aircraft

  • NAFA Administrator posted an article
    Keeping the Title Clear on Your Aircraft see more

    NAFA member, Amanda Applegate, Partner with Aerlex Law Group, discusses keeping your aircraft title clear.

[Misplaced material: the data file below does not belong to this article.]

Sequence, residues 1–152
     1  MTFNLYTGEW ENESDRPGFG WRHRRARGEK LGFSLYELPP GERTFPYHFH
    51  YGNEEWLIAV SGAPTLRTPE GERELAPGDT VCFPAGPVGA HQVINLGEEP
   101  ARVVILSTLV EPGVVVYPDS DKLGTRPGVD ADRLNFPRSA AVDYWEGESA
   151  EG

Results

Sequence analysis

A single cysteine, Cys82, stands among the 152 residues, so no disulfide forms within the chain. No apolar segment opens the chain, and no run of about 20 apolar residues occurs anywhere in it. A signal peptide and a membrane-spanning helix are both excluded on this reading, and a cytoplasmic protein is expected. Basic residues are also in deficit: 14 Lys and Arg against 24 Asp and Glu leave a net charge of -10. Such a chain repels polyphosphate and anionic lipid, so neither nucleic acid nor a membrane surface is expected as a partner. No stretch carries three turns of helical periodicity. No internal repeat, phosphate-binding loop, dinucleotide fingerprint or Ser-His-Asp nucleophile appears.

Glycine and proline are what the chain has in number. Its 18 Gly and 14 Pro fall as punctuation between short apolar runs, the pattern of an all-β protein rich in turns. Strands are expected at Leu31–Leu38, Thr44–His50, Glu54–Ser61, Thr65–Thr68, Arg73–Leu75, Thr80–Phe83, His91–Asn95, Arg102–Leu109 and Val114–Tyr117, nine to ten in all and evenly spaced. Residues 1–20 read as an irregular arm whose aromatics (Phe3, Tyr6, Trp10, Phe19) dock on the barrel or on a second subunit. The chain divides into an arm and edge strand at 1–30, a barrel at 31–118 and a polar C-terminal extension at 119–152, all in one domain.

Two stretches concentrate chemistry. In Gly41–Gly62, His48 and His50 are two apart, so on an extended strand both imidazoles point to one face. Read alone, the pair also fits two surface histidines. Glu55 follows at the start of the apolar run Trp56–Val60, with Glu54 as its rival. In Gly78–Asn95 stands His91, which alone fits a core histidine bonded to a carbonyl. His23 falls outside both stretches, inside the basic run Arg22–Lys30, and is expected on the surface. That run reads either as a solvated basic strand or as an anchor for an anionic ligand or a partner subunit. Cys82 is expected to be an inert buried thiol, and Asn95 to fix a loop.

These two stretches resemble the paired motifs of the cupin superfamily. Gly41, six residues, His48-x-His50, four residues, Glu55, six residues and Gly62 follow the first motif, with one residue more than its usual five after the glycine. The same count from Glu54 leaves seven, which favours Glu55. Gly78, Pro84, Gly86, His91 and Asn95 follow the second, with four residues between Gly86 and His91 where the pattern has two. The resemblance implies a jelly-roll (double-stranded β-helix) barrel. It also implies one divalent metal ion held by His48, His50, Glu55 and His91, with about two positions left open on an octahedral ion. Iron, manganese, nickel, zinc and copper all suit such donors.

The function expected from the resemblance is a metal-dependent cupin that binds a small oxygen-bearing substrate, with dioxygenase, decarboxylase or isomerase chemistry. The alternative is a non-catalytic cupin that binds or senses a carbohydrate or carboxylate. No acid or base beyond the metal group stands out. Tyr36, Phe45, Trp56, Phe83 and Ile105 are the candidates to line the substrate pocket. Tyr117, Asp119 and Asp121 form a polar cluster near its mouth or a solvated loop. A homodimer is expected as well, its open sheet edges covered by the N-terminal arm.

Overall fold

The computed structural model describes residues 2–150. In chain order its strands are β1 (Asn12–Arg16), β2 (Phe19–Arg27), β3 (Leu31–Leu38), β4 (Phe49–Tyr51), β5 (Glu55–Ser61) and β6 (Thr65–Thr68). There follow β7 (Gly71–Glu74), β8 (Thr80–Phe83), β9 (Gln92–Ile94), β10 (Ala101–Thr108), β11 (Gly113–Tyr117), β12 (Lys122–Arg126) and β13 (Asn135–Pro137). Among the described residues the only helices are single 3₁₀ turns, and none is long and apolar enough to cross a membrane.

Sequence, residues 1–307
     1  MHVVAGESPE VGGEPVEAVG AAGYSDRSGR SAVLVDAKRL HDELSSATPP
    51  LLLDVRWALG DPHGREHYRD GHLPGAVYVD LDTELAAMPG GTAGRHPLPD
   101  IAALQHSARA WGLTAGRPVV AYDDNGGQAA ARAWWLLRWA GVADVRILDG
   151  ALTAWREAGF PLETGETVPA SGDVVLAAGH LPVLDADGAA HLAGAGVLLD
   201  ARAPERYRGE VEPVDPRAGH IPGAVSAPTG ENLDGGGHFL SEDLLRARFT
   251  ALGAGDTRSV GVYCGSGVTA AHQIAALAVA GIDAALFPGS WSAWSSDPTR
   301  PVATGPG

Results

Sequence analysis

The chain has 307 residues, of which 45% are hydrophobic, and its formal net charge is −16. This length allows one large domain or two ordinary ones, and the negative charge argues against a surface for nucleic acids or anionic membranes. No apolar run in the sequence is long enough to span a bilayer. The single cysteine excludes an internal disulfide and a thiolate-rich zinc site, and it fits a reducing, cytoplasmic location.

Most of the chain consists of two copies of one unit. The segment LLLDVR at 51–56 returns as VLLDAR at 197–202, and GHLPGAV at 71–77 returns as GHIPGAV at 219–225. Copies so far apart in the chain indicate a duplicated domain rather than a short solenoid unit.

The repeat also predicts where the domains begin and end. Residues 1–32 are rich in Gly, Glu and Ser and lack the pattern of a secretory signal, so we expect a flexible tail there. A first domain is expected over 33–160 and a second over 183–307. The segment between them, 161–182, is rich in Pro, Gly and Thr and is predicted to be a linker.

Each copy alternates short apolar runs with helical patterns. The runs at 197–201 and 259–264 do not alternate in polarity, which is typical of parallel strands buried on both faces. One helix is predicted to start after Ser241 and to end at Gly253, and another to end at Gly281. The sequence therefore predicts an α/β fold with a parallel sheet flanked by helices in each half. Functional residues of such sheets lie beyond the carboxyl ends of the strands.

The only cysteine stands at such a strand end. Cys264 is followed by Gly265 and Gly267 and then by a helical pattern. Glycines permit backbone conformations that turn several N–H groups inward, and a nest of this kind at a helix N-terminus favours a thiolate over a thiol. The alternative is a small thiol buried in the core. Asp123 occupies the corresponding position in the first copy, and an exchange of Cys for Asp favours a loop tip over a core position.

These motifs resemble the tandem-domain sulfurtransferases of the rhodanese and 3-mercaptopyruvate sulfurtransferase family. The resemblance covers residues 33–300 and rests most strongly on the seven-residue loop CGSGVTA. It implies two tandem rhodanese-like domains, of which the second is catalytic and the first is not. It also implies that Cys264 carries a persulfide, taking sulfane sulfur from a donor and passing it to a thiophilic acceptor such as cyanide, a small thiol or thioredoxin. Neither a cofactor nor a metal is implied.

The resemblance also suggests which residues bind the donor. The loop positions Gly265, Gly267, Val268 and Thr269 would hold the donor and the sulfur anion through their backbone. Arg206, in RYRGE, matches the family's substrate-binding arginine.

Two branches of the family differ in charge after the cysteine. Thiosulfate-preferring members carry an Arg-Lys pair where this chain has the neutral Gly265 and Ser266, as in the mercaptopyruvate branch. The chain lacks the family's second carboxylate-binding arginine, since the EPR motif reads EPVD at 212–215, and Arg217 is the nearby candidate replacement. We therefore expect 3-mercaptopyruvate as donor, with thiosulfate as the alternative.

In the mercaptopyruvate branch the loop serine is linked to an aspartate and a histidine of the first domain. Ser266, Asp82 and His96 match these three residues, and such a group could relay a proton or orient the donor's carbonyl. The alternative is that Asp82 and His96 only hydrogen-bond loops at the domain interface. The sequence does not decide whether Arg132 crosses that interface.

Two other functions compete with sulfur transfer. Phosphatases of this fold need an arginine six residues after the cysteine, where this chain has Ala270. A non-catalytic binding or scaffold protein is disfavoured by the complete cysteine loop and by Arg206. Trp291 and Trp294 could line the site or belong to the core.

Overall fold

As an aircraft owner, it is important to make sure the title to your aircraft remains clear. Unlike some other countries, in the United States we have an owner based registry where liens can be filed on the aircraft by anyone.  Since a notice of a lien can be sent to the FAA Civil Aviation Registry (the “Registry”) without the knowledge of the aircraft owner, sometimes these filings create valid liens on the aircraft and other times a cloud on the title is created by these filings.  It is a good idea to have a title search of the Registry and, if applicable, the International Registry, done annually to make sure there are not any issues with the title of your aircraft. If this annual review is not done, then at the very least title searches for your Aircraft should be done when the decision is made to market the aircraft for sale.  By conducting the searches prior to finding a buyer for the aircraft, if it is discovered that there are encumbrances/liens which have attached to the aircraft or clouded the title, that have not been properly released, then such encumbrances/liens can be addressed early in the sales process.